The power of a vaccine mandate isn’t in the mandate itself, but in the latent threat wrapped into it. Mandating that non-essential activities require proof of vaccination helped to bump up vaccination rates among thousands who otherwise wouldn’t have bothered. They also rewarded those of us who did get vaccinated, creating safer spaces for us to gather while trying to put a lid on the spread of the virus in places, such as restaurants or sports events, where it might propagate.
But COVID-19 doesn’t travel the most in these spaces. Again and again, the policy instrument chosen sidestepped the real issue: we still need to control the virus. What good is a teacher vaccine mandate when one of 25 people in a room is vaccinated? What good is a vaccine mandate if it will force medical units to shut down? Sure, logically, we all should not only be vaccinated, but be eager and excited to be vaccinated. But we can’t get to an 100 per cent rate unless the government mandates total vaccine coverage, something that would be highly questionable for COVID-19.
Rather than forcing employers (and then labour boards, courts and lawyers) to fight with employees to ensure that everyone is vaccinated, we need politicians to accept that we will not reach 100 per cent vaccination because they didn’t mandate 100 per cent vaccination. If we know that congregant settings are the most dangerous, and that the danger is highest for disabled people, and racialized and poor communities, then any vaccine campaign has to be accompanied by additional measures to slow the spread of COVID-19 among the most at risk.
To be sure, Canada’s high vaccination rate has been critical in stopping mass deaths and hospitalization. The threat of consequences were equal to actual consequences for a majority of people save the absolute fringe. But, as vaccination continues to slow to its eventual limit, we need to be demanding more targeted measures to help dilute groups of unvaccinated individuals from creating super-spreading COVID-19 clusters.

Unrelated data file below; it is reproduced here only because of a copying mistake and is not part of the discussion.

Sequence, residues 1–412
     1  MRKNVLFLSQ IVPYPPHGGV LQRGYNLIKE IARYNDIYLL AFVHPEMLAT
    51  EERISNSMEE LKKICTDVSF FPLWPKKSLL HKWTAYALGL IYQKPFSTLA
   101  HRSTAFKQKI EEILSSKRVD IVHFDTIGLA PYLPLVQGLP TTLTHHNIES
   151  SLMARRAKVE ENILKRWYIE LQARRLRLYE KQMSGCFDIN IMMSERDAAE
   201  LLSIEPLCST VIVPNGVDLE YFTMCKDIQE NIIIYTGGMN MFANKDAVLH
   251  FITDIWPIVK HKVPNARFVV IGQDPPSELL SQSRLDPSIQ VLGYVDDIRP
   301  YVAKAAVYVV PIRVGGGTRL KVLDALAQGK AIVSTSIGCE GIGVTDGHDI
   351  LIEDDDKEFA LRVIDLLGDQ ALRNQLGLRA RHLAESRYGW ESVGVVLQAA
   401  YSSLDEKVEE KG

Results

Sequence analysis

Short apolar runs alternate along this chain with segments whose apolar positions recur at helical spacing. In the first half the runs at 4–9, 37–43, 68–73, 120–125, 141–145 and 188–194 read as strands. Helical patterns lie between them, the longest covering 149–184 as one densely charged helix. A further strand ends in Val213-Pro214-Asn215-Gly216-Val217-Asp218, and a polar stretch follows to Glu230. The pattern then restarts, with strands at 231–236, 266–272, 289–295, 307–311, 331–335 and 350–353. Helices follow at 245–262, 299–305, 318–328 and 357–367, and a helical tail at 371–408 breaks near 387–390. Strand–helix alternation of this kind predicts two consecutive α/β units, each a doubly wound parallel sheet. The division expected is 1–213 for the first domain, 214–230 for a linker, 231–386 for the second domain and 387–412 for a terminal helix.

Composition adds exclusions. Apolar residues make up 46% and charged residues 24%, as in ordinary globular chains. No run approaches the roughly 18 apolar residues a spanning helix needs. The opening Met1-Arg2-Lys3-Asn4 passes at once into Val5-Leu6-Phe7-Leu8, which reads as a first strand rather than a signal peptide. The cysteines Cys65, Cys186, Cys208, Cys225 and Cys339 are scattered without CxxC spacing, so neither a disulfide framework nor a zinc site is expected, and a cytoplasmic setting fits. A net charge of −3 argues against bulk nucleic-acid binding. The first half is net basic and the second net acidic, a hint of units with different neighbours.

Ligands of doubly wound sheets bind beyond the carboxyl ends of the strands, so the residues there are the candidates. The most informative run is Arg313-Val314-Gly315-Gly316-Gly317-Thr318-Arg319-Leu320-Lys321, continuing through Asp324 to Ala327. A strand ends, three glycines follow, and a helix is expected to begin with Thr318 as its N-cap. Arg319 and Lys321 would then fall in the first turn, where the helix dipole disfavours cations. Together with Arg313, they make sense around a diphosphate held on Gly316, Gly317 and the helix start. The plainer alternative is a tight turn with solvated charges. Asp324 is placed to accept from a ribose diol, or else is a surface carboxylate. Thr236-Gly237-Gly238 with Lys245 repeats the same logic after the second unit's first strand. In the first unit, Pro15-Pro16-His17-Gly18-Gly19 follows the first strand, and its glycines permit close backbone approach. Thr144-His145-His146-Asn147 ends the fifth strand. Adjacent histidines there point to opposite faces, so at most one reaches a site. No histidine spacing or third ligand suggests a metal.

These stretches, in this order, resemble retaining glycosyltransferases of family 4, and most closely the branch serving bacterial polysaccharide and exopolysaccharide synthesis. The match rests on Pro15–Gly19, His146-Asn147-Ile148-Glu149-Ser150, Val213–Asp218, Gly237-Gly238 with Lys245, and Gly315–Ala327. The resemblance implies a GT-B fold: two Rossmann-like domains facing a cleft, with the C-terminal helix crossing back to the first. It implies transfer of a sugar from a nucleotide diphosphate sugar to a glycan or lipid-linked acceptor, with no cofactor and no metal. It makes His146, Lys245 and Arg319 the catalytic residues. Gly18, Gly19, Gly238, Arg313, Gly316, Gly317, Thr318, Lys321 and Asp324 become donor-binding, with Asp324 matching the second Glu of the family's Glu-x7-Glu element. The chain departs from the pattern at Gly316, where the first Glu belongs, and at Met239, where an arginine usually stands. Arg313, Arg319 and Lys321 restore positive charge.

This means that rather than debating vaccine mandates, governments need to develop plans that would ensure some number of unvaccinated individuals can’t work together, to help insulate them from spreading COVID-19 among themselves and to whoever they serve. There must still be capacity limits imposed on large workplaces. Residential care facilities also need to be inspected more regularly, and placing residents together in the same room needs to be forbidden.
The problem is that if the government started to dictate more targeted measures, they’d de facto assume responsibility over workplace transmission, something they’ve refused to do from the start. They instead will continue to rely on employers to impose measures, and force compliance through minimal inspections and modest fines. That means COVID-19 will circulate as it has, dampened by the high number of people who are vaccinated but propelled by the communities of individuals who are hardcore committed to opposing them.
None of these debates are likely to happen, though. Instead, journalists will chase the vaccine mandate story as they have from the beginning: as the solitary measure that will end this pandemic. If only we had 100 per cent vaccination coverage (an impossibility thanks to age requirements and particular health conditions), we’d be out of this nightmare.
As vaccine mandates become more difficult to enforce on the remaining unvaccinated, and unless the government is going to impose their own national mandate (which they won’t), we have two potential futures ahead: either our leaders develop their plan to manage the virus in spite of pockets of unvaccinated individuals, or they don’t, and we’re left to wallow with the contradictions inherent in this politically expedient though foolish approach to COVID-19 mitigation.